Posted by A.J.S. Rayl on 2005/07/12 11:00 CDT
When Deep Impact crashed into the nucleus of Tempel 1 at 23,000 miles per hour on July 4, it sent a huge, bright cloud of stuff upward and outward from the comet, providing a spectacular image that is already assured a place in the space history books, and may well be seared into the brains of all those who watched the event.
Posted by Emily Lakdawalla on 2005/07/04 02:21 CDT
"Our cratering experiment went very very well," reported impact scientist Peter Schultz in what may have been the understatement of the weekend. A first look at early science results from the mission suggest that while some events unfolded according to scientists' predictions, Tempel 1 provided many enticing surprises as well.
Posted by Emily Lakdawalla on 2005/07/04 10:55 CDT
Here in Von Karman auditorium at JPL, as they get ready for the press conference, they are playing "Rock Around the Clock," by Bill Haley and His Comets. Very appropriate! The press panel is mostly familiar: Andy Danztler, Rick Grammier, Shyam Bhaskaran, Mike A'Hearn, and Pete Schultz.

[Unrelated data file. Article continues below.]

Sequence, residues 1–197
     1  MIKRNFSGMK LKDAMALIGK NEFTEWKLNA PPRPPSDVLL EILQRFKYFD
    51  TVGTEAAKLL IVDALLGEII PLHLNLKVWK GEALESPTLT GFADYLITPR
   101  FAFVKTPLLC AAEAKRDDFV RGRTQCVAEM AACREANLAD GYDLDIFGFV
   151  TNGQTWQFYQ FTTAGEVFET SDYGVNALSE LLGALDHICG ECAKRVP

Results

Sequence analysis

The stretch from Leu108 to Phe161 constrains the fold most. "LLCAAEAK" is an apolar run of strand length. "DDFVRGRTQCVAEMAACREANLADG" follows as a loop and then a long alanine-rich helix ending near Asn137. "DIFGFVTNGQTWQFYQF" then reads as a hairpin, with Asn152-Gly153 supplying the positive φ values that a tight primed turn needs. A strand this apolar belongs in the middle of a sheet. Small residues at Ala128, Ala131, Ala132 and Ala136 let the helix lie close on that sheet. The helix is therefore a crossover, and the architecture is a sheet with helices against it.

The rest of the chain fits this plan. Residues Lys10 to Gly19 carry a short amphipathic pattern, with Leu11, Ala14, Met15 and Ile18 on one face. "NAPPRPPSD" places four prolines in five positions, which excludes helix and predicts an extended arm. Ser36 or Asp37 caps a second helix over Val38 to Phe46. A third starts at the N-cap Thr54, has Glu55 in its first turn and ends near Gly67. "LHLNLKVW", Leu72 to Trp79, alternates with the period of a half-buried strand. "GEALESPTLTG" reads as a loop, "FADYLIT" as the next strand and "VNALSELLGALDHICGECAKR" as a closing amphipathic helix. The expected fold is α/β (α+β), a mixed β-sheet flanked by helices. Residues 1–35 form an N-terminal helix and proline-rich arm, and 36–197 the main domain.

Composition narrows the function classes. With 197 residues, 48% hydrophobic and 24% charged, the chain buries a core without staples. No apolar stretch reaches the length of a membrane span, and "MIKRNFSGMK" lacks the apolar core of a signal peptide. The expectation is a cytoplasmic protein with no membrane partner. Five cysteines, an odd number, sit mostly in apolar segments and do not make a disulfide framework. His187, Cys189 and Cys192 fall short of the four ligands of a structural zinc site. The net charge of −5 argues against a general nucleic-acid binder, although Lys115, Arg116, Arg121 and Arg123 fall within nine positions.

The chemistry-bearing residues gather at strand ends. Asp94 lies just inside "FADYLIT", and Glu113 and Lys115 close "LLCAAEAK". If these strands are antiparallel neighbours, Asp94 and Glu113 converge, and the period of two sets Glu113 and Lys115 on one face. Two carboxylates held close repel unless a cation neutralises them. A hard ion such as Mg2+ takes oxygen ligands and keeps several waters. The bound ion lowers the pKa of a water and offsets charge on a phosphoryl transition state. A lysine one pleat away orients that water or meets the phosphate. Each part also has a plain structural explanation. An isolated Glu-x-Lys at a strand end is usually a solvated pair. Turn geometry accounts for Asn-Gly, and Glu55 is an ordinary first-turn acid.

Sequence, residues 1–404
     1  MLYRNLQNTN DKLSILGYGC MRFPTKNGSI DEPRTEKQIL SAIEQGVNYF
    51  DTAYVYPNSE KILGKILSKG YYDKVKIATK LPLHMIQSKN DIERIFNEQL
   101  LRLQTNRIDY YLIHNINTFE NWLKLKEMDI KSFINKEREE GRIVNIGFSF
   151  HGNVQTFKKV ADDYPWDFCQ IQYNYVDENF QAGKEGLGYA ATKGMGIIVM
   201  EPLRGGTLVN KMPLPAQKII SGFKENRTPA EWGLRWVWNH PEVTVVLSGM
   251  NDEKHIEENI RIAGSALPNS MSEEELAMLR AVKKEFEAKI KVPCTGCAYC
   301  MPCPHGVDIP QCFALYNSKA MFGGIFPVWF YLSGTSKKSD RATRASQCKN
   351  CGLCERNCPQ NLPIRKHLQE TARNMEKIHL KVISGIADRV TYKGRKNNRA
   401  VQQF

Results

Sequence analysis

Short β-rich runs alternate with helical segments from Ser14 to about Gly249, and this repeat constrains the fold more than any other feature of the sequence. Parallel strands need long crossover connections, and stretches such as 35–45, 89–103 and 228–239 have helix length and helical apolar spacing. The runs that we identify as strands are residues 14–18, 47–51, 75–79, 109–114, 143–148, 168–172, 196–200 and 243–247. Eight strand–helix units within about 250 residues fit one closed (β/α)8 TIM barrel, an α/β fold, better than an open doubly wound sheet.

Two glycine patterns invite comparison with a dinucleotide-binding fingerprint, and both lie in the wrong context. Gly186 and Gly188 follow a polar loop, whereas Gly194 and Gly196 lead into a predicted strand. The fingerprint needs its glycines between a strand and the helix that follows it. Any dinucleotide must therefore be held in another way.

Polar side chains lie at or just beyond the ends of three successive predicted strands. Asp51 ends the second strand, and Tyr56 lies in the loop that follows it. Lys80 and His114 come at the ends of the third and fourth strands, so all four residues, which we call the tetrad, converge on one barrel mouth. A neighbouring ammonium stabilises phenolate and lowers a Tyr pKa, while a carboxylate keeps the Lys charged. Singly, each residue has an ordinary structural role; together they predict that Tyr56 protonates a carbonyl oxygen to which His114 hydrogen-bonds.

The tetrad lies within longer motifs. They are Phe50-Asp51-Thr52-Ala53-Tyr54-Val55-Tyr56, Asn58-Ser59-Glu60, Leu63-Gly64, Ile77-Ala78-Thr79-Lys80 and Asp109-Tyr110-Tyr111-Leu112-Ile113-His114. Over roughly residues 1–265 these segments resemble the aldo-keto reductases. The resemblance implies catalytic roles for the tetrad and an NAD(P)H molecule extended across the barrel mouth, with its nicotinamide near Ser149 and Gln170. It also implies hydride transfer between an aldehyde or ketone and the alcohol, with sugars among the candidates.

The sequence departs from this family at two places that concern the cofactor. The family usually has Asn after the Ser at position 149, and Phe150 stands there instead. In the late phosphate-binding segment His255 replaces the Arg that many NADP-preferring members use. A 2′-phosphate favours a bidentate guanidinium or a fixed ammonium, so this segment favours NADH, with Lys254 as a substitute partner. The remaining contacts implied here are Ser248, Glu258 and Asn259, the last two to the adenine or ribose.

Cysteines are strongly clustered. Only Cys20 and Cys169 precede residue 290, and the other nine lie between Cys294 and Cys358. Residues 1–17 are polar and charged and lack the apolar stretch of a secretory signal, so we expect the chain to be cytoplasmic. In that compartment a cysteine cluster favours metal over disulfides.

Posted by Emily Lakdawalla on 2005/07/04 02:08 CDT
The Deep Impact mission seems to have produced an impact crash beyond the expectations, but not the hopes, of the science team.
Posted by Emily Lakdawalla on 2005/07/03 08:49 CDT
I woke this morning to find a press release in my Inbox that said: "One hundred and seventy-one days into its 172-day journey to comet Tempel 1, NASA's Deep Impact spacecraft successfully released its impactor at 11:07 p.m. Saturday, Pacific Daylight Time," or 06:07 UTC.
Posted by Emily Lakdawalla on 2005/07/01 04:42 CDT
NASA's Deep Impact spacecraft is set for its date with Comet Tempel 1. "We are going to hit a bullet with another bullet while watching from a third bullet," said Charles Elachi, the head of JPL.
Posted by Emily Lakdawalla on 2005/06/29 02:20 CDT
With four days remaining until Deep Impact crashes into comet Tempel 1, the comet is looming larger and larger in the public view.